Britain has the worst record in Europe as far as fertility treatment and safety are concerned, new figures published by the European Society for Human Reproduction and Embryology have revealed.
What would shock most Britons on World Health Day (April 7) is that women in the country face a four times higher risk of developing serious complications than in any other European country engaged in fertility treatment.
Experts have warned that British women's lives are being jeopardised in order to improve the numbers of successful pregnancies ccording to a report in The Independent, Britain has the highest levels of ovarian hyperstimulation syndrome (OHSS), the most serious and potentially fatal side-effect of IVF treatment. At least two women with OHSS have died in the past three years, and there are fears of more cases going unrecorded.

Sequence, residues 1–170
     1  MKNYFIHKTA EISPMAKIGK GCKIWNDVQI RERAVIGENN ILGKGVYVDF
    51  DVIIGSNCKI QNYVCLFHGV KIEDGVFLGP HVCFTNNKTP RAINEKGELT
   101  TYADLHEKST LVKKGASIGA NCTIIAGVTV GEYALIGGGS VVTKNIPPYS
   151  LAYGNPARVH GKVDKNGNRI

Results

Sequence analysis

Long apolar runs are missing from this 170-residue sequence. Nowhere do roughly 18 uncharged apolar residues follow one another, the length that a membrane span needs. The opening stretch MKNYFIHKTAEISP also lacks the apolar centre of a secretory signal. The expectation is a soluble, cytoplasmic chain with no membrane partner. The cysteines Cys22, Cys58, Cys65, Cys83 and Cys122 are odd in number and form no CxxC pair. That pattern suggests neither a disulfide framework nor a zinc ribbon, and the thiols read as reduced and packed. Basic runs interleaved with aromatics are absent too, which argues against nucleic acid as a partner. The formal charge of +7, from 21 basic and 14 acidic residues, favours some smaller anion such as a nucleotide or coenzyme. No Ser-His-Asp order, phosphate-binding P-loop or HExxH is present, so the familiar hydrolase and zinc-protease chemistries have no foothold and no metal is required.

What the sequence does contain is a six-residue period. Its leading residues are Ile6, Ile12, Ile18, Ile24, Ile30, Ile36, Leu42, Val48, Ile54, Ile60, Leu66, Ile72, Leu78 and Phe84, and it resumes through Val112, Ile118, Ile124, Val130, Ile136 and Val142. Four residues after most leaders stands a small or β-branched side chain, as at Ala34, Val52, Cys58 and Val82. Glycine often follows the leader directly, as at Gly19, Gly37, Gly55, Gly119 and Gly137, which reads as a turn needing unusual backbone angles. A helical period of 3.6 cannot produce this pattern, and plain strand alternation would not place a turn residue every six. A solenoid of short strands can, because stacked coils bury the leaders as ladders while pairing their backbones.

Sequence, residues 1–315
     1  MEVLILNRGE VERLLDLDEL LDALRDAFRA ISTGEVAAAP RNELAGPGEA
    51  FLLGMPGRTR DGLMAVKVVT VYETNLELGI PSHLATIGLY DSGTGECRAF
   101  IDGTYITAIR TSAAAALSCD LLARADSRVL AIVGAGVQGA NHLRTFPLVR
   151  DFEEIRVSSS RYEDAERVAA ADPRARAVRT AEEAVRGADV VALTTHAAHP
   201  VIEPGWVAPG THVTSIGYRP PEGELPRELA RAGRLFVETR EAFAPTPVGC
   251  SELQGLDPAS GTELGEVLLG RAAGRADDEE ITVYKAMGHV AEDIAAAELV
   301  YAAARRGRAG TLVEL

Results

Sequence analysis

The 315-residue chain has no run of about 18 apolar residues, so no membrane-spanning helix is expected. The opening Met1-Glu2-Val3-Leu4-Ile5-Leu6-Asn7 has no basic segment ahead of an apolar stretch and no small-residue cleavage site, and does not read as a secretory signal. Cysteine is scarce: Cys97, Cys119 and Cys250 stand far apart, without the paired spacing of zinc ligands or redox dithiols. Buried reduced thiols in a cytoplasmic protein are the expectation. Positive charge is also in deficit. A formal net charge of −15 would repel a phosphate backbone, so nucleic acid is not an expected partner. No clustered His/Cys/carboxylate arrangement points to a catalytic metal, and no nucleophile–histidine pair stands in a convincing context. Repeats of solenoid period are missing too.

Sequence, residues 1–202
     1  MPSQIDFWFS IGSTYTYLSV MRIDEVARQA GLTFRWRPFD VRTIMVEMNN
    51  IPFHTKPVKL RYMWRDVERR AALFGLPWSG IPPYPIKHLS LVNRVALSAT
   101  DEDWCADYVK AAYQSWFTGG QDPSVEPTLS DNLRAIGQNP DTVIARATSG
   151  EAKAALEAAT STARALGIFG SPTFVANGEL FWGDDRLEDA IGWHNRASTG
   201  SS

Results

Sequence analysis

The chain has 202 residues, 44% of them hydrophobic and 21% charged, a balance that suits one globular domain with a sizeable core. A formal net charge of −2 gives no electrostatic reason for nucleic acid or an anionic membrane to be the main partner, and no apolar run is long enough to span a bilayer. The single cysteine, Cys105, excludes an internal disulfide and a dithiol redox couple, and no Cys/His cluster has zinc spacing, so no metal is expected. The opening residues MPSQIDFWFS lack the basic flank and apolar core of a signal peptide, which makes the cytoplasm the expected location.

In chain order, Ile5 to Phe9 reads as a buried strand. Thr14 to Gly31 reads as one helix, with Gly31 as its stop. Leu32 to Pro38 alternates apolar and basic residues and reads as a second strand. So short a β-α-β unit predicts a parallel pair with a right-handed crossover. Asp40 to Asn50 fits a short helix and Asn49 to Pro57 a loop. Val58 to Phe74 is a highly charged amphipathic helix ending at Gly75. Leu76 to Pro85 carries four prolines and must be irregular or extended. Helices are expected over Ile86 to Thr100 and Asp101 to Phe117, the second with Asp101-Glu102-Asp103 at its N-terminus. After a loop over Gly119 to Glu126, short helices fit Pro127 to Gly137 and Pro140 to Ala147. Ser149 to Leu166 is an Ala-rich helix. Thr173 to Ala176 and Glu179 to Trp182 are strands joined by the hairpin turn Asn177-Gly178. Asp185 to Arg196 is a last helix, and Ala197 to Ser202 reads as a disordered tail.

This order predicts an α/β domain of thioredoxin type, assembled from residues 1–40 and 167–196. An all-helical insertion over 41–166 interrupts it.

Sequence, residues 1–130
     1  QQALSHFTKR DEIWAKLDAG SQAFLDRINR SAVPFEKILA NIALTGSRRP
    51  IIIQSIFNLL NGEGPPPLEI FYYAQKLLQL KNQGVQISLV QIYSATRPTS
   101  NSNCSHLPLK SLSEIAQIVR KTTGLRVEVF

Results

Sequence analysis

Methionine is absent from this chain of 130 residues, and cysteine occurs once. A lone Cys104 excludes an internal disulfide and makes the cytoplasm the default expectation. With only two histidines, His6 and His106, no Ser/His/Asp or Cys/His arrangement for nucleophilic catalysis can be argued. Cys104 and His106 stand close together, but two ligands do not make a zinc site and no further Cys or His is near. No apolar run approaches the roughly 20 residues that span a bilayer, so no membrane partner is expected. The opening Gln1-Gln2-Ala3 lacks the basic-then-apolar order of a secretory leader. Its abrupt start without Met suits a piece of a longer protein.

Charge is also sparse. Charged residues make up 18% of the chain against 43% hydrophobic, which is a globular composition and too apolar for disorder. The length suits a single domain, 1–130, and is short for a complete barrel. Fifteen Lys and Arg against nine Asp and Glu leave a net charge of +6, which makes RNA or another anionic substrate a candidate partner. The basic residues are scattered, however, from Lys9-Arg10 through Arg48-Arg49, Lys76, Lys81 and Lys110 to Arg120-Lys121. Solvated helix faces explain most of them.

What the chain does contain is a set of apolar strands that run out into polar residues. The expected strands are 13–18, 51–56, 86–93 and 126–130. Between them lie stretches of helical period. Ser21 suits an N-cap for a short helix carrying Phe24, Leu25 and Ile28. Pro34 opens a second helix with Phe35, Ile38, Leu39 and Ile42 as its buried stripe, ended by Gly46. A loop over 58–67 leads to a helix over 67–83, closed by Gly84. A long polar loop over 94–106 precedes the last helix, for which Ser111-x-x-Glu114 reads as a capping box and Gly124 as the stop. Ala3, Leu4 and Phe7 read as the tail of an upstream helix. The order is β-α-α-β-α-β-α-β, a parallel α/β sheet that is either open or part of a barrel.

Complications from IVF treatment from the use of drugs to stimulate the production of eggs can range from severe bloating and vomiting, to kidney failure, and even death in rare cases. Fertility experts say they fear many serious cases are not being recorded, because women go straight to casualty or end up in intensive care, the cause of their symptoms going unnoticed by the Human Fertilisation and Embryology Authority (HFEA).
This alarming statistic has been compiled on the eve of a major international fertility conference, which opens in London on Thursday. It will debate how fertility treatments should be made safer, which would include the use of less intensive drug treatments.
Many European doctors believe the figures reflect the UK's emphasis on results - successful conceptions - over patient safety. They say the UK achieves average to above average pregnancy rates, but lags behind Europe when it comes to safety of women undergoing treatments.
The HFEA said: "Women considering IVF should have a full and frank discussion with their clinician about the risks involved and about what other treatment approaches might be suitable, such as newer techniques like in vitro maturation (IVM) or soft IVF (using fewer drugs)."
An HFEA commissioned report found severe OHSS occurs in about one per cent of treatment cycles in the UK.